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George Bush's ALS ice bucket challenge reminds people of waterboarding history

As the ALS ice bucket challenge becomes the hottest thing to pass through social media in recent memory, people from all walks of life have participated. One name that got attention Wednesday was former President George W. Bush.

George W. Bush takes the ALS ice bucket challenge

The ALS ice bucket challenge is a way to raise awareness for the disease most commonly referred to as Lou Gehrig's disease. The general summary of the challenge is that you can either dump a bucket of ice cold water over your head, or you have to donate $100 to an ALS research foundation. After being nominated himself, George W. Bush looked into the camera on Wednesday and stated, "To you all who challenged me, I do not think it's presidential for me to be splashed with ice water, so I'm simply going to write you a check." As Bush put his pen to the paper, his wife and former First Lady Laura Bush dumped a bucket of ice water over his head. Mrs. Bush then turned to the camera and remarked with, "That check is from me - I didn't want to ruin my hairstyle."

The irony of George W. Bush's ice bucket challenge is that its a reminder that as president, he allowed the United States to violate international law by allowing the use of torture through the process of waterboarding. In his 2010 memoir Decision Points, Bush admitted to using waterboarding as a form of extracting information from suspected terrorists. Bush claims that the waterboarding torture of terror suspect Abu Zubaydah helped lead to the capture of alleged 9/11 mastermind, Khalid Sheikh Mohammed.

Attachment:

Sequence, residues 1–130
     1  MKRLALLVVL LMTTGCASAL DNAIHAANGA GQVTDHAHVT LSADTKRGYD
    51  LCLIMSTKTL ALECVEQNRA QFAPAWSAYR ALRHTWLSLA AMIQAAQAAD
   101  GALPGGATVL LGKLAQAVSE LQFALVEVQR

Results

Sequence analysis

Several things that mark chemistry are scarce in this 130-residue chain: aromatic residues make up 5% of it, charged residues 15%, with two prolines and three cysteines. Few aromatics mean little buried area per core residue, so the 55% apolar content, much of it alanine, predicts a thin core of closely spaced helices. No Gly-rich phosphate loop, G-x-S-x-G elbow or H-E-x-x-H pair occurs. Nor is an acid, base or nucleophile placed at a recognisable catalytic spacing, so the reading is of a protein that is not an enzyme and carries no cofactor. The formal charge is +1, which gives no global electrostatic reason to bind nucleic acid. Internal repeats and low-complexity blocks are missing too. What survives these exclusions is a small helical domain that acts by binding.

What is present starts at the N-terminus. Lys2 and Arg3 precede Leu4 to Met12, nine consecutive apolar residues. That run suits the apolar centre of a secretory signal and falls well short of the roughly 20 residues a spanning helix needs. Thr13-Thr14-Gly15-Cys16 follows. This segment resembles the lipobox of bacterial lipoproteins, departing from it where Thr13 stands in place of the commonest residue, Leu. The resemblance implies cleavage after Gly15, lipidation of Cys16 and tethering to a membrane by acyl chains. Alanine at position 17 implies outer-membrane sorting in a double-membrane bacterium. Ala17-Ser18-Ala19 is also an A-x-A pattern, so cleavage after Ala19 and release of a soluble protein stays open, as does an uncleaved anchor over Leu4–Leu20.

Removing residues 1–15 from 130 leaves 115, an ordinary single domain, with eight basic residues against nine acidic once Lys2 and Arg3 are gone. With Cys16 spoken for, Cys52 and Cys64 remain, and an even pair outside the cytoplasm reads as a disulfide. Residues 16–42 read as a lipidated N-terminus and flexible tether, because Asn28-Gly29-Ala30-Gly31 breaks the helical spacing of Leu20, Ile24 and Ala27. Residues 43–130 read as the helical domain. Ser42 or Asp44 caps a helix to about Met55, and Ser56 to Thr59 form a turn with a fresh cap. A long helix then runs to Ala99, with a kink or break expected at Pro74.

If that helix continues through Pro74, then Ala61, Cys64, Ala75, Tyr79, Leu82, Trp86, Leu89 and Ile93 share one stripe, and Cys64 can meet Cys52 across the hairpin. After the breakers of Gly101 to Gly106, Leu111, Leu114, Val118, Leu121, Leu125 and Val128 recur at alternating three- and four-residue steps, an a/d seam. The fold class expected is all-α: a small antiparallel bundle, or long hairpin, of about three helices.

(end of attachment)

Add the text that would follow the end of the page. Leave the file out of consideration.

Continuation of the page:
In his book, Bushed notes that Zubayhad's, "understanding of Islam was that he had to resist interrogation only up to a certain point. Waterboarding was the technique that allowed him to reach that threshold, fulfill his religious duty, and then cooperate." When the CIA asked Bush if they could use the procedure known as waterboarding, the former president simply said, "damn right."

Though George w. Bush and those close to his administration, such as former Vice President Dick Cheney, claim that waterboarding was a major asset in gathering information, other reports say otherwise. In March of 2014, a U.S. Senate investigation concluded that waterboarding and other "enhanced interrogation" techniques did not lead to the capture of Osama bin Laden and other al-Qaeda members. In 2011, former Defense Secretary Donald Rumsfeld conflicted the statement made by Bush when he admitted that no waterboarding was done to anyone during that time.

"The United States Department of Defense did not do waterboarding for interrogation purposes to anyone. It is true that some information that came from normal interrogation approaches at Guantanamo did lead to information that was beneficial in this instance. But it was not harsh treatment and it was not waterboarding."

Regardless of who you stand by, the ALS ice bucket is a nice trend to move through social media, especially compared to others that have had their 15 minutes of fame. For more information about ALS and the ice bucket challenge, visit their official website here.

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